Willie Doherty

Without Trace

March 8 - April 13, 2013

It is with great delight that Galerie Peter Kilchmann exhibits Willie Dohertyʼs solo show “Without Trace”.

The collaboration with Willie Doherty exists from the galleryʼs very start. This is his eighth solo show in the

gallery. The artist was born 1959 in Derry, Northern Ireland. Today he lives in Donegal, Ireland. “Without

Trace” is the world premier of a new body of work by Willie Doherty, filmed and photographed entirely in


It is a rare occasion that Willie Doherty has realized a body of work outside of Northern Ireland. In addition it

is the very first time that he has focused so intently on snow, the presence of which receives an almost

mystical connotation in his new film Without Trace (2013). A man disappears without trace in Zurich. The

snow has made all traces disappear. Notebooks found in the manʼs apartment reveal his thoughts and

impression of isolation. The screening of the 13-minute video work (Ed. of 3) is accompanied by a series of

11 large color C-prints on aluminium, as Without Trace (Into Thin Air) (2013, 120 x 160 cm, framed, Ed. of

3). The photographs show a contemporary Zurich, acknowledging a temporality without being defined by it.

The photographic works alone already tell stories of the tensions between massive architectures and unruly

nature; scenes in which practically all traces of single persons have been erased.

In his essay “Tradition and the Individual Talent”, T.S. Eliot writes about the simultaneity of historical past

and contemporary present in works of great art, naming it a “historical sense”. The author describes it as “a

sense of the timeless as well as of the temporal and of the timeless and of the temporal together […]”. It is

this feeling, that of many stories that are happening instantaneously, swirling together and separating

incessantly, that is present in the video and photographic works of Willie Doherty. Since the 1980s Willie

Dohertyʼs work has been informed by the complex history of his hometown Derry and the conflicts between

Protestant unionist and Catholic nationalist communities in Northern Ireland. Creating works abroad, during

a DAAD-residency in Berlin, or for Manifesta 8 in Murcia, Spain, he has carried this acute historical awareness

with him.

It is with this approach that Willie Doherty recently engaged with Zurich, gathering visual impressions and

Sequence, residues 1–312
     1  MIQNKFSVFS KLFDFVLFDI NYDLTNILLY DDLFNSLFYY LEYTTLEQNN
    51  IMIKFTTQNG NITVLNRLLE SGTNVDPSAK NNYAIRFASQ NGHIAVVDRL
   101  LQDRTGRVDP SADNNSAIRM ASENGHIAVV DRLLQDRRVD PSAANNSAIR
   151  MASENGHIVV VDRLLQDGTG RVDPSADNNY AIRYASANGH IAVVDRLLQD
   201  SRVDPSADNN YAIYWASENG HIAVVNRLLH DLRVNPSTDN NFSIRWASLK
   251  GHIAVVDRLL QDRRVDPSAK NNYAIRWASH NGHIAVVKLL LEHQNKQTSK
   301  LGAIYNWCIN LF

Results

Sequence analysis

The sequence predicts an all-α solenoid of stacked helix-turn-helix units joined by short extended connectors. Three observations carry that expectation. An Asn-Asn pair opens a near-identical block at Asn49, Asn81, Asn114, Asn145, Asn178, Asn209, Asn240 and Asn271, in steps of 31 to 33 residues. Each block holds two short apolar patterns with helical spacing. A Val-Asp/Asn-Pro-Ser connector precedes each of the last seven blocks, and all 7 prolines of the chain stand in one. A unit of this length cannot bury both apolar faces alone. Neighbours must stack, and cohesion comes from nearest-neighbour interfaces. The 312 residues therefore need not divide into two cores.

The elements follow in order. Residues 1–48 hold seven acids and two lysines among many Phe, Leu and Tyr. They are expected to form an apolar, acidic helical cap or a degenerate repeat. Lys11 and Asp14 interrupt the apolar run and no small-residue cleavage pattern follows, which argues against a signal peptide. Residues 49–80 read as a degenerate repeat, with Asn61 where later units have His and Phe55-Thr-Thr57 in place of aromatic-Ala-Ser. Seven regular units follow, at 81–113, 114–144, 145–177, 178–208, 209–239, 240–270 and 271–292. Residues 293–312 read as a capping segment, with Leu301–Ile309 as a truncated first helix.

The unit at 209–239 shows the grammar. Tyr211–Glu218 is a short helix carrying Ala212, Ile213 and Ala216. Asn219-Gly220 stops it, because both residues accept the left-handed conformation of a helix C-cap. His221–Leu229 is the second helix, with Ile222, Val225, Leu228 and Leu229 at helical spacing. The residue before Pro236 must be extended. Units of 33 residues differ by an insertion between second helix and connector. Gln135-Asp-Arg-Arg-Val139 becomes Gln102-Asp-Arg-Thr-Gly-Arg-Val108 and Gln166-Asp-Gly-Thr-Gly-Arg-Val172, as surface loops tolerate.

observing historical attributes during several trips to the city. The resulting works structure the collected

findings in a new order and ascribe them a new significance. The rivers Sihl and Limmat play an important

role, as does the continuing shift of the cityʼs periphery. An ambivalent play with reality and fiction informs

Without Trace, in which the slowly panning camera follows the cityʼs streams, rivers and suburban

developments. Willie Doherty guides the cameraʼs eye to capture the cityʼs movement and standstill, going

beyond the clandestine outskirts of Zurich and the margins of the city.

With this exhibition Willie Doherty follows up on his recent video work Secretion, which he produced for the

Documenta 13. Shot in and around Kassel in the winter of 2011, Secretion draws upon the possibilities of

lost and forgotten narratives located somewhere between recent history and a near future, echoing other

video works by Willie Doherty such as Non-Specific Threat (2004), Closure (2005), or Ghost Story (2007),

which was shown at the Venice Biennale in 2007. Works by Willie Doherty are currently on show at

exhibitions at the National Gallery of Denmark SMK, Copenhagen; Tate Britain, London; and Fotomuseum

Winterthur. Willie Doherty will be participating in the City of Culture festival in Derry-Londonderry in October

2013. Catalogs available for purchase through the gallery include Disturbance, published by The Hugh Lane

Gallery, Dublin, 2011; Buried, published by The Fruitmarket Gallery, Edinburgh, 2009; and Anthology of

Time-Based Works, published by Kunstverein Hamburg, Städtische Galerie im Lenbachhaus and Kunstbau

München, 2007.